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Int J Dermatol. 1995 Oct;34(10):729-32.

Chemotherapy for AIDS-related and endemic African Kaposi's sarcoma in southern Africa.

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  • 1Northern Israel Oncology Center, Rambam Medical Center, Haifa, Israel.



Kaposi's sarcoma (KS), either in its endemic (African) form or its AIDS-related variant, is a common neoplastic disorder seen in Southern Africa. Chemotherapy has been proven to be very effective in advanced or relapsed African Kaposi's sarcoma, but much less so in AIDS-related, endemic KS.


The study consists of a retrospective analysis of the results of chemotherapy alone in 17 patients with African KS (AKS) and in 32 patients with epidemic AIDS-related KS (EKS), treated at the Johannesburg General Hospital between 1982 and 1992. Single agents included vinblastine, actinomycin D, bleomycin, and vincristine; combined regimens were largely doxorubicin/vincristine/bleomycin or etoposide/methotrexate. Outcome classifications were: complete remission (CR), partial remission (PR), and treatment failure (TF).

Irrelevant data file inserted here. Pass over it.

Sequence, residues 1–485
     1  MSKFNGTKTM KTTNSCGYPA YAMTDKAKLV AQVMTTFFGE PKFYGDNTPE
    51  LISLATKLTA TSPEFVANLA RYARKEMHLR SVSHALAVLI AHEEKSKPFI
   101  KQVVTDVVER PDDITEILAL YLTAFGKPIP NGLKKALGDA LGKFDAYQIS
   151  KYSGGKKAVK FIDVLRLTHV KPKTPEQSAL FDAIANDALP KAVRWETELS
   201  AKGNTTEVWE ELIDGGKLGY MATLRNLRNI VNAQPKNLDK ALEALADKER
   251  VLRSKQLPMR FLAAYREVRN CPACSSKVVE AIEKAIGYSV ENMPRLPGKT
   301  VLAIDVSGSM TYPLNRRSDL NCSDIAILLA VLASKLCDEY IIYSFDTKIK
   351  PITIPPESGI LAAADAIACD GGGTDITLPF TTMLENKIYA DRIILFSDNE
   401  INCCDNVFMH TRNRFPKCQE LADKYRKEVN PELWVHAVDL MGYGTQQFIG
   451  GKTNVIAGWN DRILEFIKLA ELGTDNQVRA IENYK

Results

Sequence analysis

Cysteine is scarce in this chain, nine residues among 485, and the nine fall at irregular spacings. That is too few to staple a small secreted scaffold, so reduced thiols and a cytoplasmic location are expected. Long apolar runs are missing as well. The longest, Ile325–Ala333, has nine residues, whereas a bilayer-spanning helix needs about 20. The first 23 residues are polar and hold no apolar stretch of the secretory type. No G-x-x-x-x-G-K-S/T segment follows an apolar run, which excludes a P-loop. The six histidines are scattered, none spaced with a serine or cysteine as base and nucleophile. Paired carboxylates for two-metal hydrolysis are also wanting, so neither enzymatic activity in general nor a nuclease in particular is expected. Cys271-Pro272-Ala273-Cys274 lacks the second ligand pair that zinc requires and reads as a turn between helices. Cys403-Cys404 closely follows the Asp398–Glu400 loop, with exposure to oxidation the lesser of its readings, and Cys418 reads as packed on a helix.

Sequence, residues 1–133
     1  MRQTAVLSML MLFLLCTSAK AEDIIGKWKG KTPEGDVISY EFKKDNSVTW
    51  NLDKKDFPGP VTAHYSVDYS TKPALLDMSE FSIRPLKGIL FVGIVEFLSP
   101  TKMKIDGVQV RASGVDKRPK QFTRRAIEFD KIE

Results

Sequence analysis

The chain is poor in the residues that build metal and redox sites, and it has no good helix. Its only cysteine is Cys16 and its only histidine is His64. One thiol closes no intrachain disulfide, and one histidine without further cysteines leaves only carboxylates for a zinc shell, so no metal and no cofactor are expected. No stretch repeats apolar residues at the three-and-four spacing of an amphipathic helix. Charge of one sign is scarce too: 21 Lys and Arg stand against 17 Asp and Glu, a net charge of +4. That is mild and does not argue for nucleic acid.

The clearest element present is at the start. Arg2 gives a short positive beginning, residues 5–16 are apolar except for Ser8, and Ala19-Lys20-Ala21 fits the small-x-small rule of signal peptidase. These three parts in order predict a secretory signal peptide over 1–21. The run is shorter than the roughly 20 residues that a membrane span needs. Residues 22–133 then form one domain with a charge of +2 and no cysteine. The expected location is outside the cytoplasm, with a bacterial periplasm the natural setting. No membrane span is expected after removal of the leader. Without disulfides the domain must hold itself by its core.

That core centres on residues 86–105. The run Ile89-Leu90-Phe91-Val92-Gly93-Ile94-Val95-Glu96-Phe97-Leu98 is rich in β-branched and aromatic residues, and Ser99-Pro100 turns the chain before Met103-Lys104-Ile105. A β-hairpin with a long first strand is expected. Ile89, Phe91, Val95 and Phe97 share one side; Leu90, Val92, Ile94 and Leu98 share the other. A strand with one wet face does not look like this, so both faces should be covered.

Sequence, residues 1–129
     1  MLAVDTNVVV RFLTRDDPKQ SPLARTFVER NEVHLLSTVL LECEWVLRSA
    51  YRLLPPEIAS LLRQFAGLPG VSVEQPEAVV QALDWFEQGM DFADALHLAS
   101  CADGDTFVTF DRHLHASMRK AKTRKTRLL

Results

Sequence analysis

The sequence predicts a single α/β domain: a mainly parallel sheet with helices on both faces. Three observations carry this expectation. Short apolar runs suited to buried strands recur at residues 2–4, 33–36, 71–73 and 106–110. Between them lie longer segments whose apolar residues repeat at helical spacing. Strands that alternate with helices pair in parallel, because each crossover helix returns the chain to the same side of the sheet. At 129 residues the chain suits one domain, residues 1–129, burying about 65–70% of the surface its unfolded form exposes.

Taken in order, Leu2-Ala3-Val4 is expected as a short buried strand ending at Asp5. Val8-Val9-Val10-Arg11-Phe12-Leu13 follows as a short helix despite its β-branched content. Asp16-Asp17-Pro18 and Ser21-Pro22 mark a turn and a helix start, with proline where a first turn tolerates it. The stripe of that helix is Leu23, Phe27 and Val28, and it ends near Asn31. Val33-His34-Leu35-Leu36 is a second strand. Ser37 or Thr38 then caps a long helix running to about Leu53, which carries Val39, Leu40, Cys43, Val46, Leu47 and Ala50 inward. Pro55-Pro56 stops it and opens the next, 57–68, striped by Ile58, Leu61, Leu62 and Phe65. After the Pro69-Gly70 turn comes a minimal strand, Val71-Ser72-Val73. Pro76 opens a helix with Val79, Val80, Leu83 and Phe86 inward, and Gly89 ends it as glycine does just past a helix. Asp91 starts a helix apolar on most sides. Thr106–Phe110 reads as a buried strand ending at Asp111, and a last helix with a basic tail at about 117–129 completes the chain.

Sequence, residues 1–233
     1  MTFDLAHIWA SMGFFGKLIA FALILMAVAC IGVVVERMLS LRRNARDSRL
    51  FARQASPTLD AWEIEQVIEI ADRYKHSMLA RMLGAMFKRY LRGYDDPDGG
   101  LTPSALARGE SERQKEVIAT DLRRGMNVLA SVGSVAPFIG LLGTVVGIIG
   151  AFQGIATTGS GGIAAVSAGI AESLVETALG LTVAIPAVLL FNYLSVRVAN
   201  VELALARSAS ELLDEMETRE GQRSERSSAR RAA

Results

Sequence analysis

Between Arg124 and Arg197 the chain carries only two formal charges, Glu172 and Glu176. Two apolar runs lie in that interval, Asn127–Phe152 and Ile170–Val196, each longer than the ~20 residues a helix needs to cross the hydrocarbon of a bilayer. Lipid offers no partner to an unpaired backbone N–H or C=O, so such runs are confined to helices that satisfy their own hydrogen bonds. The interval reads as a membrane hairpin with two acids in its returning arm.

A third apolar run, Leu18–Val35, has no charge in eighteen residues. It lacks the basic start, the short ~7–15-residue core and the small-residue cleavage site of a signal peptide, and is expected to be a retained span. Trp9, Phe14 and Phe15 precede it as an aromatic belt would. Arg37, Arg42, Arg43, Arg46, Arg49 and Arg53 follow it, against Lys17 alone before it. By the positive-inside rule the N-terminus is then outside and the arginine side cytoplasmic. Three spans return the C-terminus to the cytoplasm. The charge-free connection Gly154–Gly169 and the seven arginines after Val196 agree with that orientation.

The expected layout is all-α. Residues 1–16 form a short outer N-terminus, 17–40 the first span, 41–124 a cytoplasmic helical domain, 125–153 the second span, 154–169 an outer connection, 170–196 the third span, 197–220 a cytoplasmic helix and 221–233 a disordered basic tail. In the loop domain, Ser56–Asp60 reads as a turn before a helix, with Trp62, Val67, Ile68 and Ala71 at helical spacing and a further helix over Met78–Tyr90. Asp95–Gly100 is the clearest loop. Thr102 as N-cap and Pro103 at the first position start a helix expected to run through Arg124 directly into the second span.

Four of the 17 patients with AKS had CR, 10 a PR, and three were TF and died rapidly from their disease. The combined chemotherapeutic regimens produced marked symptomatic relief and even long-term remission in AKS. In patients with EKS, the response rate to chemotherapy was very low and of brief duration. No patient had a CR and debilitating side effects were common.


The African type of AKS is a chemo-sensitive tumor, whereas the endemic type EKS, like its Western counterpart, has a dismal prognosis.

[PubMed - indexed for MEDLINE]
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